De Anza College opened in 1967. The college, named for Juan Bautista De Anza, occupies a 112-acre (0.45 km2) site that was the location of a winery built at the turn of the 20th century, called Beaulieu by its owners, Charles and Ella Baldwin. Their mansion has now become the California History Center. De Anza College now has about 22,000 students and is a hub of activity in the city. Its flea market, held the first Saturday of the month, attracts thousands from around the area.
Housing developments were rapidly constructed in the following years as developers created neighborhoods, including Fairgrove, Garden Gate, Monta Vista, Seven Springs, and other developments. The city is known for its high real estate prices.
On December 1, 2009, Cupertino became the first city in Northern California to have an Asian-American-majority city council.
|U.S. Decennial Census|
63 percent of Cupertino's population was of Asian ancestry in 2010, compared to 32 percent in Santa Clara County overall. Money's Best Places to Live, "America's best small towns", ranked Cupertino as #27 in 2012, the second highest in California. In 2014, Movoto Real Estate ranked Cupertino the seventh "happiest" suburb in the United States, ranking highly in the categories of income, safety, marriage, and education.
In 2015, Forbes ranked Cupertino as one of the most educated places in the U.S. in respect to the percentage of high school and college graduates.
The 2010 United States Census reported that Cupertino had a population of 58,302. The population density was 5,179.1 people per square mile (1,999.7/km2). The racial makeup of Cupertino was 18,270 (31.3%) White, 344 (0.6%) Black American, 117 (0.2%) American Indian, 36,895 (63.3%) Asian (28.1% Chinese, 22.6% Indian, 4.6% Korean, 3.3% Japanese, 1.3% Vietnamese), 54 (0.1%) Pacific Islander, 670 (1.1%) from other races, and 1,952 (3.3%) from two or more races. Hispanic of any race were 2,113 persons (3.6%); 2.4% of Cupertino's population is of Mexican ancestry.
The census reported that 57,965 people (99.4% of the population) lived in households, 61 (0.1%) lived in non-institutionalized group quarters, and 276 (0.5%) were institutionalized.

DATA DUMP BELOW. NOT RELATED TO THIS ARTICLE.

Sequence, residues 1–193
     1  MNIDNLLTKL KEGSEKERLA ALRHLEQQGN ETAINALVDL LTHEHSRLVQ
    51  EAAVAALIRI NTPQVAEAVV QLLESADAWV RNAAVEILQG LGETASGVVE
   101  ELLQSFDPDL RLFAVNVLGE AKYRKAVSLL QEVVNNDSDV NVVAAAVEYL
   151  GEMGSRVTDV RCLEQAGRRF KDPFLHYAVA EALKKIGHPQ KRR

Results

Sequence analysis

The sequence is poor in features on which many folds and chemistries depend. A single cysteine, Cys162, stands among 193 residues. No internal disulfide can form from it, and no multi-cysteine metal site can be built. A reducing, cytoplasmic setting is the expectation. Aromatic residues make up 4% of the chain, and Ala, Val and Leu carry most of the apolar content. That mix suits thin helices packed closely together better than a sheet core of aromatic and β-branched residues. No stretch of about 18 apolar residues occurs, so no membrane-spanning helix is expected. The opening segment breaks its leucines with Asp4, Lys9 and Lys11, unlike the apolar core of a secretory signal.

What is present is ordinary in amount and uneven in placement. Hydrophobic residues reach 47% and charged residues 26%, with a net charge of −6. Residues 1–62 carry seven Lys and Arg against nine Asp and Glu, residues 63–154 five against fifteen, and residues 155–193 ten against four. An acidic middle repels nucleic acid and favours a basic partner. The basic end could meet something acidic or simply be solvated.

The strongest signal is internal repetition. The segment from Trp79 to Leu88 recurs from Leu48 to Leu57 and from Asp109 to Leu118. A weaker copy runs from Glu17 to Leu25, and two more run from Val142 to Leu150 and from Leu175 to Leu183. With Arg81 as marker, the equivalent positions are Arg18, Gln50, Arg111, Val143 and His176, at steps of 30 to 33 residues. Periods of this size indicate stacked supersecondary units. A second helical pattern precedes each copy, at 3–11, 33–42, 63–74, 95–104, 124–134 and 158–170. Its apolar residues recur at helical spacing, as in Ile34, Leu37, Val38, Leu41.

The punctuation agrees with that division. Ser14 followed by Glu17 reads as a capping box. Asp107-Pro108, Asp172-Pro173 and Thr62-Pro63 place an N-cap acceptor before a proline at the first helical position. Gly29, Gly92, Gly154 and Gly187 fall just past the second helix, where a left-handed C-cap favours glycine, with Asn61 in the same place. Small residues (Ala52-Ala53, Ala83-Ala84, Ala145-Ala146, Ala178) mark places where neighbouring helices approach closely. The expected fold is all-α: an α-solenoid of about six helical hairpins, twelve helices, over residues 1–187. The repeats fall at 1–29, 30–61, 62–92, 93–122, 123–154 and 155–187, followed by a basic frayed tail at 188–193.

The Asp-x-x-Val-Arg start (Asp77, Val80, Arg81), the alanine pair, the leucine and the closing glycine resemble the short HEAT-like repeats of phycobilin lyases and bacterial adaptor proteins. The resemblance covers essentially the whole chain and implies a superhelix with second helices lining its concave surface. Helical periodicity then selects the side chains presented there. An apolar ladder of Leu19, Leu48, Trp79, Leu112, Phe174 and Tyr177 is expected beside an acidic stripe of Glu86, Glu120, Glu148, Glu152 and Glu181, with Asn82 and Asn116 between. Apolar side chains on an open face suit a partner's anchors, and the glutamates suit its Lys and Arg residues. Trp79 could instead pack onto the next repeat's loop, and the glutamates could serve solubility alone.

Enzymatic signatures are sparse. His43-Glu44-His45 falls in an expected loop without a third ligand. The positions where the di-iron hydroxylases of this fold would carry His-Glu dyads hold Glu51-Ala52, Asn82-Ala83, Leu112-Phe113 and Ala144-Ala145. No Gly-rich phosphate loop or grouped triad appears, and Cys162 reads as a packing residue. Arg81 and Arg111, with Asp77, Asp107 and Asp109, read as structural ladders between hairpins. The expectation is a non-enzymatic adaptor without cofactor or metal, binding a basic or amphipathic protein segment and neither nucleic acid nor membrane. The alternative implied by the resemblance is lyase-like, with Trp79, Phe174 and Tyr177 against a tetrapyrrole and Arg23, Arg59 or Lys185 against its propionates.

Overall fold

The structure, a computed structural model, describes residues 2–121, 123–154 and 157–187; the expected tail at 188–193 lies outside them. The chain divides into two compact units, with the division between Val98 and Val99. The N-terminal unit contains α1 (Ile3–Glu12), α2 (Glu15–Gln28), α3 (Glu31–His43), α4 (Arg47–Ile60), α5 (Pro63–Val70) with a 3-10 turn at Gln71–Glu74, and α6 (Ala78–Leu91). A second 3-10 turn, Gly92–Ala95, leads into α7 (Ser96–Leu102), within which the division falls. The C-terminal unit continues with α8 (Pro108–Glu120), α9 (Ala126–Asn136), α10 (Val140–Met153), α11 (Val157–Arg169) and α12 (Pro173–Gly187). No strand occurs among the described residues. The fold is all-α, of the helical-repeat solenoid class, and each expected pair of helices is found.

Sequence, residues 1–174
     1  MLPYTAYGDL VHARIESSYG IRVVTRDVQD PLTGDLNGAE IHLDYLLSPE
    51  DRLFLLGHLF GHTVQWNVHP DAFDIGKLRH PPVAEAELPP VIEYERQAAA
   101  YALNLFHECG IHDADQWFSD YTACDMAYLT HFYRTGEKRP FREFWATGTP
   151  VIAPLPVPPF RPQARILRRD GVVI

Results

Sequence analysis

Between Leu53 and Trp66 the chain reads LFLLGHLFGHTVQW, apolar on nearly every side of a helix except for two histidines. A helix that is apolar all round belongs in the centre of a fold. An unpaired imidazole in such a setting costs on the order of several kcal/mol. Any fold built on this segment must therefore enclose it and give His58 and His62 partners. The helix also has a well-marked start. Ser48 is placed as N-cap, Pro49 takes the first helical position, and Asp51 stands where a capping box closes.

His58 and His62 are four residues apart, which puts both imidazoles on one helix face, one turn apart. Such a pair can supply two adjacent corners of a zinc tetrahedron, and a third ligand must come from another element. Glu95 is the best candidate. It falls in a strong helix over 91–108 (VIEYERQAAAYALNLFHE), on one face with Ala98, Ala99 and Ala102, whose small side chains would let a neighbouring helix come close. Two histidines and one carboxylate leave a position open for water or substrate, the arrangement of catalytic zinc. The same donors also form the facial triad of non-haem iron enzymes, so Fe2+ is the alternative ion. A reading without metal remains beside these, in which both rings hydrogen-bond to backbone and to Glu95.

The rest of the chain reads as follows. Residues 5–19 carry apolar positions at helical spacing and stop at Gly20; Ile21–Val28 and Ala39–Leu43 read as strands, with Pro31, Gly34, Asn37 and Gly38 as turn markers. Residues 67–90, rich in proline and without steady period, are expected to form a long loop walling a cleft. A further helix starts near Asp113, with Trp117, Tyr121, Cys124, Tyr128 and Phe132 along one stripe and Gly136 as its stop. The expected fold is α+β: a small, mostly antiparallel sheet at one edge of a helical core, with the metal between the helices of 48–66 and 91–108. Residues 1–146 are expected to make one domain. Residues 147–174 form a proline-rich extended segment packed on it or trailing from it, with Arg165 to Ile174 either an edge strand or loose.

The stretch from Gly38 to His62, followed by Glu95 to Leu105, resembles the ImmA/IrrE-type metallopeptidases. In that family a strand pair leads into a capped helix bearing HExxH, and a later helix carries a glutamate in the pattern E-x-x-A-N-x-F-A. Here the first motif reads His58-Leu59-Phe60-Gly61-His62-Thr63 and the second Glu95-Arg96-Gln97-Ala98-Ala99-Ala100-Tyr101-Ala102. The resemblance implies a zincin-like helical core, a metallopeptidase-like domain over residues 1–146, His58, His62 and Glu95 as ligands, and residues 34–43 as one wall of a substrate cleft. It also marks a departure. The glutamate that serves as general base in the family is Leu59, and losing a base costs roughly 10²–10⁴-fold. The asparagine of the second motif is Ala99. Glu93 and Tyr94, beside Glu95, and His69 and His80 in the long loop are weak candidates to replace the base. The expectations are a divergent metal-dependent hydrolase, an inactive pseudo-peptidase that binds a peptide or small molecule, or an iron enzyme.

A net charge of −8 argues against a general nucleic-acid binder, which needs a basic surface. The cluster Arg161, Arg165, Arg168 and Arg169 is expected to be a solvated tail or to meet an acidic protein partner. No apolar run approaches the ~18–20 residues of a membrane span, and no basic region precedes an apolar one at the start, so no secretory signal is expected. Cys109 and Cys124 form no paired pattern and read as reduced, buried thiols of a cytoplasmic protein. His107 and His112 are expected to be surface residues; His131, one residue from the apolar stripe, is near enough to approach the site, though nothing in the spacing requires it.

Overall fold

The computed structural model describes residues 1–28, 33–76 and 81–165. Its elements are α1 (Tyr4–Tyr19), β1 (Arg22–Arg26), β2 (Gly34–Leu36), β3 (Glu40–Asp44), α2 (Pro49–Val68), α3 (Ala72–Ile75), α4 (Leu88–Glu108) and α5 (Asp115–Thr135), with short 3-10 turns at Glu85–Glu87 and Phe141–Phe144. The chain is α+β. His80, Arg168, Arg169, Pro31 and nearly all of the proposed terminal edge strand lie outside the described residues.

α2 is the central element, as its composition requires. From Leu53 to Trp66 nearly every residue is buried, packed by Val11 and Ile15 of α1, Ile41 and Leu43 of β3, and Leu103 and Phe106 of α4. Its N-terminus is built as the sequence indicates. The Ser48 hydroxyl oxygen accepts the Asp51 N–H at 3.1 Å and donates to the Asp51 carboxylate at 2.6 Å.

There were 20,181 households, out of which 9,539 (47.3%) had children under the age of 18 living in them, 13,802 (68.4%) were opposite-sex married couples living together, 1,393 (6.9%) had a female householder with no husband present, 581 (2.9%) had a male householder with no wife present. There were 378 (1.9%) unmarried opposite-sex partnerships, and 89 (0.4%) same-sex married couples or partnerships. 3,544 households (17.6%) were made up of individuals, and 1,612 (8.0%) had someone living alone who was 65 years of age or older. The average household size was 2.87. There were 15,776 families (78.2% of all households); the average family size was 3.28.
The population was spread out, with 16,075 people (27.6%) under the age of 18, 3,281 people (5.6%) aged 18 to 24, 15,621 people (26.8%) aged 25 to 44, 16,044 people (27.5%) aged 45 to 64, and 7,281 people (12.5%) who were 65 years of age or older. The median age was 39.9 years. For every 100 females, there were 97.4 males. For every 100 females age 18 and over, there were 94.6 males.
There were 21,027 housing units at an average density of 1,867.9 per square mile (721.2/km2), of which 12,627 (62.6%) were owner-occupied, and 7,554 (37.4%) were occupied by renters. The homeowner vacancy rate was 0.8%; the rental vacancy rate was 4.7%. 36,464 people (62.5% of the population) lived in owner-occupied housing units and 21,501 people (36.9%) lived in rental housing units.
Cupertino is located at San Francisco Bay. The eastern part of the city, located in the Santa Clara Valley, is flat while the western part of the city slopes into the Santa Cruz Mountains. Cupertino borders San Jose and Santa Clara to the east, Saratoga to the south, Sunnyvale and Los Altos to the north, and Loyola to the northwest.(37.317492, −122.041949), at the southern end of the
Several streams run through Cupertino on their way to south San Francisco Bay, including (from north to south): Permanente Creek, Stevens Creek, San Tomas Aquino Creek and its Smith Creek, the Regnart Creek and Prospect Creek tributaries of Calabazas Creek, and Saratoga Creek.